LN: At the agency, we are used to working with what already exists, creating architecture from architecture. This is something that we enjoy doing: taking advantage of a place and having this historical hook to design from. It also ties in with very current themes of ecological transition since it is much more relevant today to rehabilitate old buildings rather than to demolish and rebuild, or to transform buildings rather than erect new ones. Tadao Ando, who is from Japan, has another connection to this historic building. It very quickly inspired him to design a cylinder, a concrete circle that would find its place within the Rotunda of the Bourse de Commerce. We would never have come up with this approach so quickly, particularly with our European gaze, given that our modus operandi was to analyse and dissect the building before coming up with a proposal. Therefore, it was the speed of his proposal and his vision that generated the project’s impetus, providing a dynamic on which, afterwards, it was possible to work, by adjusting the diameter, height, openings, etc. His proposal created a foundation for the work, which I believe, would not have come so quickly from a more Western perspective.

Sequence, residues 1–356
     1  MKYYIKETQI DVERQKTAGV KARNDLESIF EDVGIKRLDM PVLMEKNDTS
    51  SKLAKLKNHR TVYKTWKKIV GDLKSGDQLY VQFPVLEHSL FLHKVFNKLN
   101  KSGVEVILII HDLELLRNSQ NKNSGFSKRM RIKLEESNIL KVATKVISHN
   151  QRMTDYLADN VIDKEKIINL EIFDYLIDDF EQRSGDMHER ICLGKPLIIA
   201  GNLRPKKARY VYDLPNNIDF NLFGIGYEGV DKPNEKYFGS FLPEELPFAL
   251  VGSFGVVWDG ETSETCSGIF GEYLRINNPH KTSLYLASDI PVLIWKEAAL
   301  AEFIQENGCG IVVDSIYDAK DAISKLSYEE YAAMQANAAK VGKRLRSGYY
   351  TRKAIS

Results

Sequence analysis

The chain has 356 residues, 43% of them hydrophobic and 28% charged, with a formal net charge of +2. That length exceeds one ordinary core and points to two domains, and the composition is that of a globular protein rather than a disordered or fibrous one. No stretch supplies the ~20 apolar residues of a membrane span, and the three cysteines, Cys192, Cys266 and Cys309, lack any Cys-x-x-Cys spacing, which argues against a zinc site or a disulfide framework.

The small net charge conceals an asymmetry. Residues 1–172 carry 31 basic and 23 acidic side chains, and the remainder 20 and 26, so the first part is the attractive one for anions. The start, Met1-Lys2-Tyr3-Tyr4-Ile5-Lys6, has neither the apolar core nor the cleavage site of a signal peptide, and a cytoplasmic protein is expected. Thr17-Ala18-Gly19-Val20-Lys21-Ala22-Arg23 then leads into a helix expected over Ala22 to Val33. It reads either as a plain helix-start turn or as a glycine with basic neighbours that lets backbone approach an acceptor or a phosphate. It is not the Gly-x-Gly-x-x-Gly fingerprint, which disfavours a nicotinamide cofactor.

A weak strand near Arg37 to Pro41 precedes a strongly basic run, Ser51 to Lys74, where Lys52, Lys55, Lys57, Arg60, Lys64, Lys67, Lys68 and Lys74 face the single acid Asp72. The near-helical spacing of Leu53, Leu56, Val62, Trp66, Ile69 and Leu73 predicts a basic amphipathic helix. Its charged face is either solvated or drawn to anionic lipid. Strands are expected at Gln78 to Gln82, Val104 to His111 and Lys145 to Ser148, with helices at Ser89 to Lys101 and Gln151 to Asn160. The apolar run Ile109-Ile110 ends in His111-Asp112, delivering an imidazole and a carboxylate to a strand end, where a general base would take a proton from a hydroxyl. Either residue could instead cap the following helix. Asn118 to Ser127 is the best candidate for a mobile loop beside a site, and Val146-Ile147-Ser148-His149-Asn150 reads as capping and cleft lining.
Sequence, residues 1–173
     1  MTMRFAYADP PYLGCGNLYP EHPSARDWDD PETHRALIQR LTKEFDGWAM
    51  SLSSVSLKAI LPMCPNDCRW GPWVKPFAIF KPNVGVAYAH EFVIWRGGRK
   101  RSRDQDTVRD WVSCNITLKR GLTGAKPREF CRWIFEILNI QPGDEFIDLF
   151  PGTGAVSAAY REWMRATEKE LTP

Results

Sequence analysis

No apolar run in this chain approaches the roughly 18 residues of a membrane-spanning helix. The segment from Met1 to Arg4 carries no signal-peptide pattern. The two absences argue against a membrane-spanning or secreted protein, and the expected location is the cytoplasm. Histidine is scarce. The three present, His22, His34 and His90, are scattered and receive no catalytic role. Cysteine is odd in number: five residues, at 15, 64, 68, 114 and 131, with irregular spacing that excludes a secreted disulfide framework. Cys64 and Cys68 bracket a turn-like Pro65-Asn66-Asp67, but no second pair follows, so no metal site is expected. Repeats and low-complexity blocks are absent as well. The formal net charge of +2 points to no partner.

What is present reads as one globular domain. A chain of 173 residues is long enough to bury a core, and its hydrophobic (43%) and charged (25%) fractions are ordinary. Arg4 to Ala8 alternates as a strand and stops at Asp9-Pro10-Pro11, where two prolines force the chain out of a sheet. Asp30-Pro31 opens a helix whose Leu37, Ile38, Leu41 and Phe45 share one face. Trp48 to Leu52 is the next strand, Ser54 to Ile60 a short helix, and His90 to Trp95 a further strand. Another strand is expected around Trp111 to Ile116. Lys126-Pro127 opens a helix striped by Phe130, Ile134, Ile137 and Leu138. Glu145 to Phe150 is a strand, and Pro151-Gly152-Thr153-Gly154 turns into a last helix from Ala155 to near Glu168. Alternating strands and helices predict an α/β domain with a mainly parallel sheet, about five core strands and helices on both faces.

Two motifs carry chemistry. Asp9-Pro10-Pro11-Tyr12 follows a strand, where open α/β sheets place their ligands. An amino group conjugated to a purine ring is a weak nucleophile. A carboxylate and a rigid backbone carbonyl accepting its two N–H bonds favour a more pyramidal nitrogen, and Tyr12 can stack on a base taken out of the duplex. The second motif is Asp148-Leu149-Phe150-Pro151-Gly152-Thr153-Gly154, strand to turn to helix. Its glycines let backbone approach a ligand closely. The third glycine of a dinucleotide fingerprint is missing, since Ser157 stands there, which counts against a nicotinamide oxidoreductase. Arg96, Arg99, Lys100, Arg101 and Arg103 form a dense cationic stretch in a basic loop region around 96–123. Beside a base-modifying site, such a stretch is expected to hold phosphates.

TM: At the agency, we enjoy working in this way. In any case, it’s pertinent to today: we no longer demolish buildings; we reuse them. With a building that has no specific appeal, you may justifiably feel free to appropriate and transform it, by keeping certain things, removing others, etc. In a partially listed building however, the approach is totally different. Our role is to reveal both what is already present, and to conserve it. This involves a lot of restoration work. These are also things that you don’t necessarily see. Here, it was exciting working with the architects who built this structure since we have the Camus de Mézières wheat market, the remains of which can be seen today with the 18th-century facade or the double spiral staircase, as well as the Bélanger dome. Therefore, we had to work with the architects who left the traces that are still visible today, but also to work with the intuition that Tadao Ando had had upon first seeing the building, this idea of adding a layer. This led us to thinking about additions, the construction of that vision, and how to integrate these layers in a discreet fashion. To do this, we needed a precise understanding of the building before implementing any kind of major intervention.